Modi has a ‘we don’t negotiate with terrorists’ attitude towards security threats, both within the country as well as those stemming from outside. His policy is expected to be to work towards the economic development of impoverished regions where Naxalites and other insurgents hold sway, as well as take a hard line against militant groups that threaten peace and order in the country with terror attacks.
The BJP is known to be a conservative party that espouses old-fashioned patriarchal values that have defined Indian society for ages. Narendra Modi seems unlikely to deviate from the unchanging stance of the RSS when it comes to promoting women’s welfare. Additionally, many BJP members have raised the hackles of feminists and women across the country by asserting that rapes are the inevitable result of an urban, westernized lifestyle that promotes liberal values and loose morality. Modi is expected to have to field comments like these from several of his own party members going forward. However, it is also expected that he would give suitable lip service to the issue of women’s welfare.
Welfare of Muslims
There is a perceived thorn of contention between Modi and Muslims across the country, post his handling of the 2002 Godhra riots, that left more than 1200 people dead, most of them Muslims, besides displacing around 180,000 Muslims. Even though the BJP can win despite a lack of support from the Muslim community, which makes up about 13% of the country’s population, Modi would not be able to maintain his credibility if he alienates this voter base. At the very minimum, the Muslim community expects a sincere effort from him to atone for his silence and apparent lack of regret for the Godhra tragedy.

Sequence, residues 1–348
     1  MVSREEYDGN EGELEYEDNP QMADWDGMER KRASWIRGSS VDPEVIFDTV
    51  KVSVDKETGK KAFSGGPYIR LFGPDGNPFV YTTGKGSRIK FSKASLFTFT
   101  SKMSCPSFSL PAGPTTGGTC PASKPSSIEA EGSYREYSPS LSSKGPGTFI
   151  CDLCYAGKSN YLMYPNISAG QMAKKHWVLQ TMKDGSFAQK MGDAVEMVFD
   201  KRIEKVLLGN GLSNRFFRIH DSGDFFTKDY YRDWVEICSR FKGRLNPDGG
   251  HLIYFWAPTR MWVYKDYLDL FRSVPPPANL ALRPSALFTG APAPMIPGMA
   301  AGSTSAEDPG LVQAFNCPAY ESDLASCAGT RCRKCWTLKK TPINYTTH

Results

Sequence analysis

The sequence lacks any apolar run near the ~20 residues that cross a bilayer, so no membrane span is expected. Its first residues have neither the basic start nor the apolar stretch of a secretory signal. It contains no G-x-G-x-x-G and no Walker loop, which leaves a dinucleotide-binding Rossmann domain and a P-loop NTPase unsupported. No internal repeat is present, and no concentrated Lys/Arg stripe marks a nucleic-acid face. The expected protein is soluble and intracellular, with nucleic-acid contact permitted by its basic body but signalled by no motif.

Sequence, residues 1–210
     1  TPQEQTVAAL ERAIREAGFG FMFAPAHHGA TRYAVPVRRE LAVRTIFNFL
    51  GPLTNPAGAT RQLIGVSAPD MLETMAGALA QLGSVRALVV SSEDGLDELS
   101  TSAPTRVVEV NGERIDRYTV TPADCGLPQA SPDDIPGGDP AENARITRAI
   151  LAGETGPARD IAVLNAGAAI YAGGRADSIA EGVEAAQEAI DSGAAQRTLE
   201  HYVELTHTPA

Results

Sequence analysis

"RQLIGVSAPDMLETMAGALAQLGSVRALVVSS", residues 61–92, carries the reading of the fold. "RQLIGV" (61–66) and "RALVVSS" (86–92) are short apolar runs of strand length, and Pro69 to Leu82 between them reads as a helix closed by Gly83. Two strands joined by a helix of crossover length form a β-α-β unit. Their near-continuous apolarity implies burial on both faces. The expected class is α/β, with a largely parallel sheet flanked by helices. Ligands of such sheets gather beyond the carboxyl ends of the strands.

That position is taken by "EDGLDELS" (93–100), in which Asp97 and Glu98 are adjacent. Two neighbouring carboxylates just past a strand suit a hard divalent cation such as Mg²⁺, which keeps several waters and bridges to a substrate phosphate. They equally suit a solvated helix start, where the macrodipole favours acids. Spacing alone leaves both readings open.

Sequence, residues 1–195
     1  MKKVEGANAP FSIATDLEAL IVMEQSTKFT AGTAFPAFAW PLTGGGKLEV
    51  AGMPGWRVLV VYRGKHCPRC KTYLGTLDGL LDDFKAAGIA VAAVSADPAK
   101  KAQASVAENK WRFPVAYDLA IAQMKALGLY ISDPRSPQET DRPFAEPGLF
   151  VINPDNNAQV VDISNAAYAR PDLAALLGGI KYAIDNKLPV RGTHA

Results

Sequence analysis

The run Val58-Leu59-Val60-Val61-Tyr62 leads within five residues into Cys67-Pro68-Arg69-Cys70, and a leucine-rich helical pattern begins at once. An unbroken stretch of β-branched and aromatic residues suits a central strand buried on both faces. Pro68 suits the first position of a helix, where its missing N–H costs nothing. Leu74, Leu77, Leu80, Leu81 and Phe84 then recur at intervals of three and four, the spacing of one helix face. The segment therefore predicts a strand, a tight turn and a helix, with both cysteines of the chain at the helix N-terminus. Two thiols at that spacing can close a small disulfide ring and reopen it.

Modi will have a challenging time balancing the priorities of India’s allies in the West, the Middle East and Asia. Modi has already shown his understanding of the necessity to counter China’s might by having high-level talks with South Korean President Park Geun-hye as well as Japanese Prime Minister Shinzo Abe. A delicate balance also needs to be maintained between sustaining cordial relations with Saudi Arabia, while also preserving India’s long-standing friendship with Saudi Arabia’s enemy, Iran. The focus, however, would be on increasing the pace of trade and economic cooperation with Saudi Arabia. Finally, the seesawing relations with the US would need to be smoothened, by ensuring that recent frictions caused by issues like the Devyani Khobragade issue do not reflect on trade or economic investment. However, it is expected that Modi would turn to other possible trade partners like Japan while maintaining good relations with the US.
To sum up, Modi is hard-selling the ‘Gujarat model’ of development and promises to grow the entire country along similar lines if elected. Considering the enthusiasm of big businesses, foreign investors, as well as the masses to his vision, it remains to be seen whether Modi would create a sustainably growing economy, promote relations with all strategic partners, ensure security and raise the image of India as a growing superpower, if his party comes to power and forms the next government.